Your leaking thatched hut during the restoration of a pre-Enlightenment state.


Hello, my name is Judas Gutenberg and this is my blaag (pronounced as you would the vomit noise "hyroop-bleuach").


decay & ruin
Biosphere II
dead malls
Irving housing

got that wrong

appropriate tech
Arduino μcontrollers
Backwoods Home
Fractal antenna

fun social media stuff

(nobody does!)

Like my brownhouse:
   too much snail, not enough cinnamon
Saturday, July 5 2014
I had a moderately-bad hangover when I woke up this morning, which was completely to be expected after the relentless drinking I'd done yesterday. Unfortunately, I couldn't spend the day doing low-key things around the house. There was a big festival to attend at the animal sanctuary in Willow, and nearly everyone we know would be there. Also, we had to get there early so as not to get stuck in a long line at the Cinnamon Snail, a vegan food cart from New York City that is famous for the long lines that lead to it. We arrived only a half hour into the festival, and there were only a dozen or so people in front of us in line at the Cinnamon Snail cart. When we made it to the front, Gretchen ordered two huge sandwiches, a bunch of savory baked goods, and a signature Cinnamon Snail cinnamon roll. After being distracted by a few conversations with people we knew along the way, we went into a tent equipped with tables and proceeded to chow down. Our friend Stacy the Abortion Doctor sat with us for most of that time, but eventually she decided to get in line for the Cinnamon Snail, which now had at least 50 people in it. From then on, the festival was all about standing in lines. We'd meet a friend and tell them they needed to get in line for the Cinnamon Snail immediately or they'd never get any food, but then (as in the case of our friend Mark), they'd get distracted by a crisis involving a dog left in someone's car (he was overreacting; the day was a cool one, the car was in the shade, and the car's windows were down), and so we'd take a place in the line and serve as placeholder until they (or, in the case of Mark, he) showed up. I spent a fair amount of time in the line all by myself, a bored human placeholder. Occasionally I'd be joined by friends such as Sarah the Vegan. And once I'd done my duty, I was off to look at the ducks in the duckpond when Nancy (of Ray and Nancy) with Ray's friend Eric and Sarah the Vegan waved me over. So then I talked with them for 20 minutes until the line very slowly moved out of the shade and into the sunlight. I couldn't take much of that, so soon thereafter I really did go and look at the ducks. Ducks are such fun to watch with their tail wags, their submerged headstands, and the way they dapple their bills in the water. Also, the because of their constant exposure to cleaning, they don't have the nasty cloacas that chickens always seem to have.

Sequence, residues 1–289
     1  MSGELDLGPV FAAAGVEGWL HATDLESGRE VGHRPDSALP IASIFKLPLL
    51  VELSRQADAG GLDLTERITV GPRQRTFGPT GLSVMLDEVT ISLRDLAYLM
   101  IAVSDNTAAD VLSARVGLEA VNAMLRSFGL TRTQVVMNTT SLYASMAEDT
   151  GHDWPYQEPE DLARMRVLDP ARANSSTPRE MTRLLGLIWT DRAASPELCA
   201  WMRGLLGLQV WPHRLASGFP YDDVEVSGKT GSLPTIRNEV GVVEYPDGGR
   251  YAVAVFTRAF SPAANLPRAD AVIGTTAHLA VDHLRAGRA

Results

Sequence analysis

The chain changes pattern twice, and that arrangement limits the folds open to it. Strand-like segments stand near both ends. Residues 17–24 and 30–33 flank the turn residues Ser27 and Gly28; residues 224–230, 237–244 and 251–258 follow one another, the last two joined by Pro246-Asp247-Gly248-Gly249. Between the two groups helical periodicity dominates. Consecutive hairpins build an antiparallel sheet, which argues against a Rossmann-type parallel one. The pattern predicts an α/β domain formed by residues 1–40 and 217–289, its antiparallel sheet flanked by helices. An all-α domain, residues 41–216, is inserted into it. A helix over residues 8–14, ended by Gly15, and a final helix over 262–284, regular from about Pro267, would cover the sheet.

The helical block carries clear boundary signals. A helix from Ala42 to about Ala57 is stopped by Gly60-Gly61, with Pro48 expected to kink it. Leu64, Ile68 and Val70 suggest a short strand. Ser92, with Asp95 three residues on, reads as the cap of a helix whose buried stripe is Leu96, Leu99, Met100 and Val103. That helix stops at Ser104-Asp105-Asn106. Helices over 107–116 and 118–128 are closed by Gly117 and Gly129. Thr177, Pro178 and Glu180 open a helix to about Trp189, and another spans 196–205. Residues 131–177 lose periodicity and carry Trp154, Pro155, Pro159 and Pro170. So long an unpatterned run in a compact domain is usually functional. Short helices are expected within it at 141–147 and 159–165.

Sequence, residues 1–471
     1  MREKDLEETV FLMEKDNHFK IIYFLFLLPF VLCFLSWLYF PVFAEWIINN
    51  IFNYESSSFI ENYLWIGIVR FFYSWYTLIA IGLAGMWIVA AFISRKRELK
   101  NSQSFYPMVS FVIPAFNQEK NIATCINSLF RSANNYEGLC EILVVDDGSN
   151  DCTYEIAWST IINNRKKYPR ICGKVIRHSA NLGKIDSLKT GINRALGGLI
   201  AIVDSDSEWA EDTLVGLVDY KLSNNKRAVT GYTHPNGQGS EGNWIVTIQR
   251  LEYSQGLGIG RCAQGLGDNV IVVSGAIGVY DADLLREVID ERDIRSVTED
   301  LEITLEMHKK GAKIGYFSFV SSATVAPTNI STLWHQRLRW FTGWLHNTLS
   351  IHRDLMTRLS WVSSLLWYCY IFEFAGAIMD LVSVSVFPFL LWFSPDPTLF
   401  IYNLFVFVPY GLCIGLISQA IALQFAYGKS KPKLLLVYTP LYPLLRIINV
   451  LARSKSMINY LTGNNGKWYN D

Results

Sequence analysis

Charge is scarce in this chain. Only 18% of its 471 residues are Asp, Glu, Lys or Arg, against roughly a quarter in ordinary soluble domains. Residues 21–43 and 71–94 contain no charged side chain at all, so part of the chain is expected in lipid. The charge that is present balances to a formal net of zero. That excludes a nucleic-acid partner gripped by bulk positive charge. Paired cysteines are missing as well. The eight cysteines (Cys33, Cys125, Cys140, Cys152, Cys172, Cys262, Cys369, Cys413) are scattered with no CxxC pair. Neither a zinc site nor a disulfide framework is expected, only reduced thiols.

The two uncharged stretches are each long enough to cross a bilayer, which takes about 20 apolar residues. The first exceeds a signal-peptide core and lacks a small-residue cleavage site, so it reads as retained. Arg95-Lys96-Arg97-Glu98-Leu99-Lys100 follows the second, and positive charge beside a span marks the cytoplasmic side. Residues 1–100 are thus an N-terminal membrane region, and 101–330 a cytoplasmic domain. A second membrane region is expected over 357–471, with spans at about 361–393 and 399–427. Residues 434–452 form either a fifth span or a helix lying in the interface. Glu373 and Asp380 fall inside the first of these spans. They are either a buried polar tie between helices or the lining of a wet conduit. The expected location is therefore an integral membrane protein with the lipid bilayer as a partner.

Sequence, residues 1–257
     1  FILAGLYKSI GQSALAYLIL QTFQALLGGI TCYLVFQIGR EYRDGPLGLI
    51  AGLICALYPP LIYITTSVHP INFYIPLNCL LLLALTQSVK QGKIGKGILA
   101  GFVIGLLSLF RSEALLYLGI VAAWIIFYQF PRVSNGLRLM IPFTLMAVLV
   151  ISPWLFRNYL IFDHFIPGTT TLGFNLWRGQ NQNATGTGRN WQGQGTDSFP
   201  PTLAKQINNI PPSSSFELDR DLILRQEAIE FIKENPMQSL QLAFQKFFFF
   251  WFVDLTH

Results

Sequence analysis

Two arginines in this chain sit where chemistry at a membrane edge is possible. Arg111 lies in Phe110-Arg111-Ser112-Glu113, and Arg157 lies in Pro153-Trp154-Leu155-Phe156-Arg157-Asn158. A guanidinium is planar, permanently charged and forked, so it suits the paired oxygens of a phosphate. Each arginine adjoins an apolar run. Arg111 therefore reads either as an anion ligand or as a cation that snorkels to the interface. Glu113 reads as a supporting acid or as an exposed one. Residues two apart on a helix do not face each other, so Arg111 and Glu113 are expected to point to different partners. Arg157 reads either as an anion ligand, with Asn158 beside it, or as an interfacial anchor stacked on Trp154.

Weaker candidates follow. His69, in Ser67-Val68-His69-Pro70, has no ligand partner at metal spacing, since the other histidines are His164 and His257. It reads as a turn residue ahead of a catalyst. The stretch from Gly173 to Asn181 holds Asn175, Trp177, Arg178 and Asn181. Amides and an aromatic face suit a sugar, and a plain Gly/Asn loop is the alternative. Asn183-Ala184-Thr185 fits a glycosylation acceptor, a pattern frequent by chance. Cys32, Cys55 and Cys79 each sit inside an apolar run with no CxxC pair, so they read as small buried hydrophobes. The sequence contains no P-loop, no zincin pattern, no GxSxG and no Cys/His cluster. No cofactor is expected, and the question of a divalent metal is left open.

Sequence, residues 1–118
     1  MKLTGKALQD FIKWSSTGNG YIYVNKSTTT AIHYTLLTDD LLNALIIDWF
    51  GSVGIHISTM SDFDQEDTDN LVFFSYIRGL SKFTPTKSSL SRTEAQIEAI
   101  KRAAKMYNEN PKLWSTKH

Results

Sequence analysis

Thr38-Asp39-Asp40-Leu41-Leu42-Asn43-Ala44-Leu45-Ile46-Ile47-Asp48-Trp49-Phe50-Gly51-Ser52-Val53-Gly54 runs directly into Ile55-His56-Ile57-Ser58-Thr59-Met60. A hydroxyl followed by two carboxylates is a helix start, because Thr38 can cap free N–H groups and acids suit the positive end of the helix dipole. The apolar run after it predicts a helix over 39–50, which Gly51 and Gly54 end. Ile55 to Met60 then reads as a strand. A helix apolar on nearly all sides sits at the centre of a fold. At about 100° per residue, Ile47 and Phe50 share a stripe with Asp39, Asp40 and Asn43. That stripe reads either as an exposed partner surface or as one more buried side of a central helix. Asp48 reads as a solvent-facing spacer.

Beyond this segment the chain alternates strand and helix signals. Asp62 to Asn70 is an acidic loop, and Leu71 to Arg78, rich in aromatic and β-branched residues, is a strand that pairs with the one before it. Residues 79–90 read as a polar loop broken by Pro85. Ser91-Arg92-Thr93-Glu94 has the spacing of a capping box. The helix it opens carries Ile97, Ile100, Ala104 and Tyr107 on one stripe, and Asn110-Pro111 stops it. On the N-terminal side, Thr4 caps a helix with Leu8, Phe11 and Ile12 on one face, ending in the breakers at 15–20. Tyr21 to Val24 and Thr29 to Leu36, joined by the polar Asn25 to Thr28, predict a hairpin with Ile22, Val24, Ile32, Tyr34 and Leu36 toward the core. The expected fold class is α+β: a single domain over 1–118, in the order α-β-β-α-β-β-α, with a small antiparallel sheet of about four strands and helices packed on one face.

Our friends Susan and David showed up a little on the late side, and they'd brought Susan's 13 year old niece S (I'm not going to attempt to spell her name) with the hopes of giving her a favorable impression of vegan food. David took a place in the Cinnamon Snail line well behind the places I'd served as a human bookmark, in a section of line that might have actually been moving backwards. (At some point far enough from the destination of any line, it begins to move backwards as the pressure of people allowed by friends to cut in adds up to overcome any people coming off the end of the line.) Variations of "they don't call it the Cinnamon Snail for nothing," were said repeatedly, and eventually David gave up on it and abandoned his place in line. (Mind you, the messy Korean seitan-with-kim-chi wrap I'd eaten was great, but no food is worth standing in line for 90 minutes.) Meanwhile Susan and S were in the veggie burger line. But the veggie burgers were all gone, and they were left with a mediocre kale salad and a disgusting interpretation of baked beans (how is it possible to fuck that up?). Suffice it to say, S was not getting a good first impression of veganism. Ultimate, Susan and David were forced to leave the festival and take the girl to a restaurant.
Suffice it to say, the lines, and the need to stand in them, was kind of ruining the festival for me. Unlike Gretchen, the ability to chat with friends in a line did not compensate much for the ordeal of standing in it. Happily, there were beers available, and eventually I went and got my second one (a Bengali Tiger IPA) and drank it with Nancy, Eric, and Sarah as they ate their Cinnamon Snail food, which they'd spent an hour and a half in line to get.
Since Gretchen would be going straight from the festival to work at the bookstore in Woodstock, I needed a ride home. Ultimate, I went with Sarah, Nancy, and Eric (Sarah was driving). Sarah wanted to see the new cat Oscar and give us some toys that do not interest her new toothless cat. (I think she's decided to name her Agnes.) So I we all met Oscar, who was sitting under the southeast corner of the upstairs bed more-or-less immobile. That allowed people to touch him, but it wasn't an especially interactive experience. Seeing the new kayak in the living room was definitely a richer media experience, as was the tour of the greenhouse. (Sarah and Nancy had seen it before, but not Eric.) The basement was a worthy spectacle; the excavation in the floor was completely full of water from recent rains, and there was an enormous wolf spider on the wall.
Soon after everyone left, I took a long nap in the upstairs bedroom. After I woke up, I realized I'd had absolutely no caffeine at all today. I decided to continue the caffeine fast until Sunday morning coffee tomorrow.

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